, Volume 43, Issue 12, pp 763-780
Date: 30 Sep 2012

Pharmacokinetic Interactions of Topiramate

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Abstract

Topiramate is a new antiepileptic drug (AED) that has been approved worldwide (in more than 80 countries) for the treatment of various kinds of epilepsy. It is currently being evaluated for its effect in various neurological and psychiatric disorders.

The pharmacokinetics of topiramate are characterised by linear pharmacokinetics over the dose range 100–800mg, low oral clearance (22–36 mL/min), which, in monotherapy, is predominantly through renal excretion (renal clearance 10–20 mL/min), and a long half-life (19–25 hours), which is reduced when coadministered with inducing AEDs such as phenytoin, phenobarbital and carbamazepine. The absolute bioavailability, or oral availability, of topiramate is 81–95% and is not affected by food. Although topiramate is not extensively metabolised when administered in monotherapy (fraction metabolised approximately 20%), its metabolism is induced during polytherapy with carbamazepine and phenytoin, and, consequently, its fraction metabolised increases. During concomitant treatment with topiramate and carbamazepine or phenytoin, the (oral) clearance of topiramate increases 2-fold and its half-life becomes shorter by approximately 50%, which may require topiramate dosage adjustment when phenytoin or carbamazepine therapy is added or discontinued. From a pharmacokinetic standpoint, topiramate is a unique example of a drug that, because of its major renal elimination component, is not subject to drug interaction due to enzyme inhibition, but nevertheless is susceptible to clinically relevant drug interactions due to induction of its metabolism.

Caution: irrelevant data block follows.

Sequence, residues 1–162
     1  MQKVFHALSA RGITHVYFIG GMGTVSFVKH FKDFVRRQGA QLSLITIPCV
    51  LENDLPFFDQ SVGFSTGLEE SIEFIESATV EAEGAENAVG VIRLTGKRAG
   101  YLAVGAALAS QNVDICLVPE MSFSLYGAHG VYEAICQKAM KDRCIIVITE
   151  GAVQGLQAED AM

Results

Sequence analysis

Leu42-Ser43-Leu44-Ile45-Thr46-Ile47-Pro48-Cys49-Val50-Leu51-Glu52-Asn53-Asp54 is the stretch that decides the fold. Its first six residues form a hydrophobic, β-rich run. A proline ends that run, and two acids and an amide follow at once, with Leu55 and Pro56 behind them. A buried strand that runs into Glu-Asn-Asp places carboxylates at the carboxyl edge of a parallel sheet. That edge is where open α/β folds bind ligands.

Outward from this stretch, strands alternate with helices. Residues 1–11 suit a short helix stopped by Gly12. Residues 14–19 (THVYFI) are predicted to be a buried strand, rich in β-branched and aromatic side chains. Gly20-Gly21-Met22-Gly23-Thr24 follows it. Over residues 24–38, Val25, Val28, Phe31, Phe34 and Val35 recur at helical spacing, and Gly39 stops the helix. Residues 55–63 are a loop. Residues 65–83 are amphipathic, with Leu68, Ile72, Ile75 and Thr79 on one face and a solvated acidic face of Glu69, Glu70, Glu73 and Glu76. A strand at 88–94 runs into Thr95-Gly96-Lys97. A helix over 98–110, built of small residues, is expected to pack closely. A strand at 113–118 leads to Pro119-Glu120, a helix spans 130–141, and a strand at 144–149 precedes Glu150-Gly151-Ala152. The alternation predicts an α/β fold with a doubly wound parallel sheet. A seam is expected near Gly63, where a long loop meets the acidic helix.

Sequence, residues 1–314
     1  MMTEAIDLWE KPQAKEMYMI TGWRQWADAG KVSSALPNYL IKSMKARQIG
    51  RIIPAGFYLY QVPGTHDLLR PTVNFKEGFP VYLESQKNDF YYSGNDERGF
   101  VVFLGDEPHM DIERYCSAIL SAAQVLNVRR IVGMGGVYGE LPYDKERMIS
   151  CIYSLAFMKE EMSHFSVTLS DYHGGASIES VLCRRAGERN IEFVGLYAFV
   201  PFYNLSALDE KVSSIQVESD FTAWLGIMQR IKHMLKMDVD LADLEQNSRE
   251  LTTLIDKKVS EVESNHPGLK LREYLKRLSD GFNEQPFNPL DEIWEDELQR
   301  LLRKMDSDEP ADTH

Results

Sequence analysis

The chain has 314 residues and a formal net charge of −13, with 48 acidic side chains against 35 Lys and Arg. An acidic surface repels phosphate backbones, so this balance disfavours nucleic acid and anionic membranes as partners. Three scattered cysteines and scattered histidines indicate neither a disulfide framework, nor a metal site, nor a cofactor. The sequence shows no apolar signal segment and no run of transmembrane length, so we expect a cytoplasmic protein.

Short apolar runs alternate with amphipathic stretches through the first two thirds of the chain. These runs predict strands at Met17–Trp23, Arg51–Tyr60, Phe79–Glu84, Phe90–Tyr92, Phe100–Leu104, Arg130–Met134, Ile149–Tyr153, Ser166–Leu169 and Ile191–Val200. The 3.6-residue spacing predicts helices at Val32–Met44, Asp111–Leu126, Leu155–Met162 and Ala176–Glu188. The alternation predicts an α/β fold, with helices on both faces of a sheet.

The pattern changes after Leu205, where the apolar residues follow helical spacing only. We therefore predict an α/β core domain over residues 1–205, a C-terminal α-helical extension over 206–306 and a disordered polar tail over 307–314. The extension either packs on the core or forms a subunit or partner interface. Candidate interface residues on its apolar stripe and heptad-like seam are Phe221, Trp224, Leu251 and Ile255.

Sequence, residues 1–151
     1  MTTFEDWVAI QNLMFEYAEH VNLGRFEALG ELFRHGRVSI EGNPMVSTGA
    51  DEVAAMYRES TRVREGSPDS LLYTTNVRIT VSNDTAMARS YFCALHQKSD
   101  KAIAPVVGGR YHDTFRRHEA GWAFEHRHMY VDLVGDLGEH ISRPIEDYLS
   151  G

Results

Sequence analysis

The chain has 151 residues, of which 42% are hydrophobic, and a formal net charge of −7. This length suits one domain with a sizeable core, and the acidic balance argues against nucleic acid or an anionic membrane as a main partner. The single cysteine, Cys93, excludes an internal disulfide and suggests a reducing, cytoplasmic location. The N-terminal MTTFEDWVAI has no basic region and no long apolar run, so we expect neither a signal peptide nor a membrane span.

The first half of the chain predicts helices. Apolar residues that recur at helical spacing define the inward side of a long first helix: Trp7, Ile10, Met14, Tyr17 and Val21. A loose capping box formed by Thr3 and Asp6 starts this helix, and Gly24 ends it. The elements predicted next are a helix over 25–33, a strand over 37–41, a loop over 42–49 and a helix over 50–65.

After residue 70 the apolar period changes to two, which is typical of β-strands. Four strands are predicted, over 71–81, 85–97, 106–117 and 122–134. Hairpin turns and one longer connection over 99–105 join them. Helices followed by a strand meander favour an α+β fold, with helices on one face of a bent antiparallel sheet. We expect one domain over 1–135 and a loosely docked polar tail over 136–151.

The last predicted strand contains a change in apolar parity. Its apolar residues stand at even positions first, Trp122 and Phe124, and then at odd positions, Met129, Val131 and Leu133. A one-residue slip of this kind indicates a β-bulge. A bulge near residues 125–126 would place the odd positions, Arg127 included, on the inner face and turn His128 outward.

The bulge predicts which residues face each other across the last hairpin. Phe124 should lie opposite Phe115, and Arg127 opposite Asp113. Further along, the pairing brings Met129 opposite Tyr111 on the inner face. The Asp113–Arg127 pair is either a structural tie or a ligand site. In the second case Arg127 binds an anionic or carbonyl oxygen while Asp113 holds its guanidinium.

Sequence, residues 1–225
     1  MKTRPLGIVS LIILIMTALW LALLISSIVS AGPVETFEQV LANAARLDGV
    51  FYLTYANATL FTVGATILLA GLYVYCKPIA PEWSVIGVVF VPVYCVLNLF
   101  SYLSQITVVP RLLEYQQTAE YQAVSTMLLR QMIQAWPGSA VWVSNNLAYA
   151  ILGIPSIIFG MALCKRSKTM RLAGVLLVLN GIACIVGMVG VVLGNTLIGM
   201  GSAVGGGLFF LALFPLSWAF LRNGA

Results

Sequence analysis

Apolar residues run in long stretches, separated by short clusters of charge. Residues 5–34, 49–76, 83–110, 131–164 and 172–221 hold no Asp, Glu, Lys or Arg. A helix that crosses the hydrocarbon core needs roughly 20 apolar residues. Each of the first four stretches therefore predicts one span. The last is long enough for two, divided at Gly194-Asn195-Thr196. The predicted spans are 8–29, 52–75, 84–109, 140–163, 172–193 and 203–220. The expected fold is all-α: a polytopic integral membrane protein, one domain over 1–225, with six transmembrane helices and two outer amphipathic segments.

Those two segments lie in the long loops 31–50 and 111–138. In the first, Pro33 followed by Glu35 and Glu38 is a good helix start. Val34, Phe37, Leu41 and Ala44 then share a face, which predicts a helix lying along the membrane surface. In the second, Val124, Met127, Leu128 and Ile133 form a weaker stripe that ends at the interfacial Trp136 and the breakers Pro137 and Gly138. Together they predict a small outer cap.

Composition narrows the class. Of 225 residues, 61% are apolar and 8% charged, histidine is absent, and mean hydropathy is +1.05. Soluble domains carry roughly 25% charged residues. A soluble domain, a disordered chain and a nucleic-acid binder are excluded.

Unlike old AEDs such as phenytoin and carbamazepine, topiramate is a mild inducer and, currently, the only interaction observed as a result of induction by topiramate is that with ethinylestradiol. Topiramate only increases the oral clearance of ethinylestradiol in an oral contraceptive at high dosages (>200 mg/day). Because of this dose-dependency, possible interactions between topiramate and oral contraceptives should be assessed according to the topiramate dosage utilised.

This paper provides a critical review of the pharmacokinetic interactions of topiramate with old and new AEDs, an oral contraceptive, and the CNS-active drugs lithium, haloperidol, amitriptyline, risperidone, sumatriptan, propranolol and dihydroergotamine. At a daily dosage of 200mg, topiramate exhibited no or little (with lithium, propranolol and the amitriptyline metabolite nortriptyline) pharmacokinetic interactions with these drugs. The results of many of these drug interaction studies with topiramate have not been published before, and are presented and discussed for the first time in this article.